There are few who consider that it is a crime for those called Christians to live without Christ, when their lives are not stained with transgression. If Christianity only required men to live without gross outward sin, paganism could furnish us with many bright examples of this sort. But the religion of Christ requires a conformity, not only in a man's conduct, to the principles of the Gospel; but also a conformity in his heart to the spirit and mind of Christ.
on Luke 16 :19
There was a certain rich man - Many have supposed that our Lord here refers to a "real history," and gives an account of some man who had lived in this manner; but of this there is no evidence. The probability is that this narrative is to be considered as a parable, referring not to any particular case which "had" actually happened, but teaching that such cases "might" happen. The "design" of the narrative is to be collected from the previous conversation. He had taught the danger of the love of money Luke 16:1-2; the deceitful and treacherous nature of riches Luke 16:9-11; that what was in high esteem on earth was hateful to God Luke 16:15; that people who did not use their property aright could not be received into heaven Luke 16:11-12; that they ought to listen to Moses and the prophets Luke 16:16-17; and that it was the duty of people to show kindness to the poor. The design of the parable was to impress all these truths more vividly on the mind, and to show the Pharisees that, with all their boasted righteousness and their external correctness of character, they might be lost. Accordingly he speaks of no great fault in the rich man - no external, degrading vice - no open breach of the law; and leaves us to infer that the "mere possession of wealth" may be dangerous to the soul, and that a man surrounded with every temporal blessing may perish forever. It is remarkable that he gave no "name" to this rich man, though the poor man is mentioned by name. If this was a parable, it shows us how unwilling he was to fix suspicion on anyone. If it was not a parable, it shows also that he would not drag out wicked people before the public, but would conceal as much as possible all that had any connection with them. The "good" he would speak well of by name; the evil he would not "injure" by exposing them to public view.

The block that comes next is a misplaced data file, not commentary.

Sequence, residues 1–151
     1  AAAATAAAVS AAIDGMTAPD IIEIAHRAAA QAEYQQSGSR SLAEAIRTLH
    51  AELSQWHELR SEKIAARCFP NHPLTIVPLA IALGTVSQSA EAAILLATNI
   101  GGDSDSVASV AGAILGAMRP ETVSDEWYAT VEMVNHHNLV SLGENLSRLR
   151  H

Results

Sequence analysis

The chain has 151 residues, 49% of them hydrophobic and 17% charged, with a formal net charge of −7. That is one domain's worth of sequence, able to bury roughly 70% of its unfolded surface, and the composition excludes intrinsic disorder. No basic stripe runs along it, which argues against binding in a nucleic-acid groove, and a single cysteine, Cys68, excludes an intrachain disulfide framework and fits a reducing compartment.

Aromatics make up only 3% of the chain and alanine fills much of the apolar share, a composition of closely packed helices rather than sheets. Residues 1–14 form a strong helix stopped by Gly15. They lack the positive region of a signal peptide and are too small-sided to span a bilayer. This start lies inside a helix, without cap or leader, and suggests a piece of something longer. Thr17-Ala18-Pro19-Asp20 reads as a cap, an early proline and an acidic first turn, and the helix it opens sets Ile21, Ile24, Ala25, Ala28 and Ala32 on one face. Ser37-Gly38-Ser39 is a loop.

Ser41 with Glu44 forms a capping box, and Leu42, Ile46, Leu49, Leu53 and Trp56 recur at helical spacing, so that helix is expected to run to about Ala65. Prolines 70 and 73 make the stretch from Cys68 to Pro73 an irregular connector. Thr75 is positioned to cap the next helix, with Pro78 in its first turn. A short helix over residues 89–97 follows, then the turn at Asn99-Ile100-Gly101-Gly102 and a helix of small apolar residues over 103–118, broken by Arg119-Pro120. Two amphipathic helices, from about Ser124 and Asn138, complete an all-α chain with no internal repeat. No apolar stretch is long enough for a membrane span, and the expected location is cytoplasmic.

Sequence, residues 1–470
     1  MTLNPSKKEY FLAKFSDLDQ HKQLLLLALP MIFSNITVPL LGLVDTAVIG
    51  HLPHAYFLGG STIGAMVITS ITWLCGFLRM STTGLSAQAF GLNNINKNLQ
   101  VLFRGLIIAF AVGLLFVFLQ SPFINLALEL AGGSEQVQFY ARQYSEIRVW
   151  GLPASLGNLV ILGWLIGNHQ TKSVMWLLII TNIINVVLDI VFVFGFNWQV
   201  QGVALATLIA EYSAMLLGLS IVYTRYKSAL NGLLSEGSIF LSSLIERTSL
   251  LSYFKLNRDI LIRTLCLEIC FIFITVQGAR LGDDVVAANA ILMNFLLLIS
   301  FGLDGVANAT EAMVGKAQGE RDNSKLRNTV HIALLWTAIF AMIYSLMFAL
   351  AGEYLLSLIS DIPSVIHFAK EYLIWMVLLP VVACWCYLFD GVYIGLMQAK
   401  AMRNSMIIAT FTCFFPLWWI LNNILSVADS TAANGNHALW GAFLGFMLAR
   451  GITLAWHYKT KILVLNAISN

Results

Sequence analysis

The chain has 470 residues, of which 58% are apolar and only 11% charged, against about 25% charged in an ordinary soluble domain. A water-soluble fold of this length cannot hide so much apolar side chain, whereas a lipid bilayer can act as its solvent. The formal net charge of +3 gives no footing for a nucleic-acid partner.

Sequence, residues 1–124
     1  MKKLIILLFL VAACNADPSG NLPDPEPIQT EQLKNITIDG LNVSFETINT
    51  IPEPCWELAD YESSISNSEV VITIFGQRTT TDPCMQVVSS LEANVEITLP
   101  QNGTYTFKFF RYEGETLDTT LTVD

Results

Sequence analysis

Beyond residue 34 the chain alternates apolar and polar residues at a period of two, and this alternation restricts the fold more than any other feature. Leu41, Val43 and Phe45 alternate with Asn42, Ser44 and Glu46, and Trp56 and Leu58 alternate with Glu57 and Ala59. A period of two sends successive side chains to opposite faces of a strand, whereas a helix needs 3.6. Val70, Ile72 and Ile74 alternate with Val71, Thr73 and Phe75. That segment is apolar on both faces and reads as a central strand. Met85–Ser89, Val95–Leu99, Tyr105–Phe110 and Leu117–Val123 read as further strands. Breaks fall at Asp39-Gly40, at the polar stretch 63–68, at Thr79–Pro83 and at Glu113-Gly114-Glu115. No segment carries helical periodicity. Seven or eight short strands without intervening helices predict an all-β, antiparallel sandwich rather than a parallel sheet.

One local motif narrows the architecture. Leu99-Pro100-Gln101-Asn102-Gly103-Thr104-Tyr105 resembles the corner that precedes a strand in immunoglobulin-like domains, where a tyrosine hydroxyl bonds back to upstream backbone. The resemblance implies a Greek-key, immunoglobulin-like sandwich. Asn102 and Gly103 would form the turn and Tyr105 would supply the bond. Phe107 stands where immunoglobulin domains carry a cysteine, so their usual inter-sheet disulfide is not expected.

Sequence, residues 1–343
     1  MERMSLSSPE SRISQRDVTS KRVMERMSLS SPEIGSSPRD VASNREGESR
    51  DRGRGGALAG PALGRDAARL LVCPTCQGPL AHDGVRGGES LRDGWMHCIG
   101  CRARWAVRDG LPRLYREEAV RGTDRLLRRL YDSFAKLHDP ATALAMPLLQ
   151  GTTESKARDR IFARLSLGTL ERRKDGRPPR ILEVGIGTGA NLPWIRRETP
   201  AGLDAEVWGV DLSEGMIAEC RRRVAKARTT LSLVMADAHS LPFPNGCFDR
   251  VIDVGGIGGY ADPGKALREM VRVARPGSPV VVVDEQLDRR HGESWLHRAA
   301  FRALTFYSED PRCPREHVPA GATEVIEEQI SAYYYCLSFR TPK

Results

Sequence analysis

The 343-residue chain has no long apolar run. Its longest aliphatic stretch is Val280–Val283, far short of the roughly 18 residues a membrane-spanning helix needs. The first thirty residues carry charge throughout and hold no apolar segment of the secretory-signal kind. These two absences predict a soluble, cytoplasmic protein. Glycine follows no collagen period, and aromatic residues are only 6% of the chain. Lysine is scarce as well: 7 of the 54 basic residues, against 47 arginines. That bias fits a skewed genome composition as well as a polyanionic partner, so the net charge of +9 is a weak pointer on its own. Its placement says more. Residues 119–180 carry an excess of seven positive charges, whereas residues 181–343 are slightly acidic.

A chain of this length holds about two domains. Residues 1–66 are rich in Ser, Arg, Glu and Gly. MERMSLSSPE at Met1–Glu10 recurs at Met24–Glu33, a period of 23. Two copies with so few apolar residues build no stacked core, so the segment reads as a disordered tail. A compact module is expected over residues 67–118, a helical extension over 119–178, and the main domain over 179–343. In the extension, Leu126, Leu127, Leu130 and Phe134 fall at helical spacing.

Clothed in purple - A purple robe or garment. This color was expensive as well as splendid, and was chiefly worn by princes, nobles, and those who were very wealthy. Compare Matthew 27:28. See the notes at Isaiah 1:18.
Fine linen - This linen was chiefly produced of the flax that grew on the banks of the Nile, in Egypt, Proverbs 7:16; Ezekiel 27:7. It was especially soft and white, and was, therefore, much sought as an article of luxury, and was so expensive that it could be worn only by princes, by priests, or by those who were very rich, Genesis 41:42; 1 Chronicles 15:27; Exodus 28:5.
Fared sumptuously - Feasted or lived in a splendid manner.
Every day - Not merely occasionally, but constantly. This was a mark of great wealth, and, in the view of the world, evidence of great happiness. It is worthy of remark that Jesus did not charge on him any crime. He did not say that he had acquired this property by dishonesty, or even that he was unkind or uncharitable; but simply that he "was a rich man," and that his riches did not secure him from death and perdition.
on Luke 16 :19
16:19 There was a certain rich man - Very probably a Pharisee, and one that justified himself before men; a very honest, as well as honourable gentleman: though it was not proper to mention his name on this occasion: who was clothed in purple and fine linen - and doubtless esteemed on this account, (perhaps not only by those who sold it, but by most that knew him,) as encouraging trade, and acting according to his quality: And feasted splendidly every day - And consequently was esteemed yet more, for his generosity and hospitality in keeping so good a table.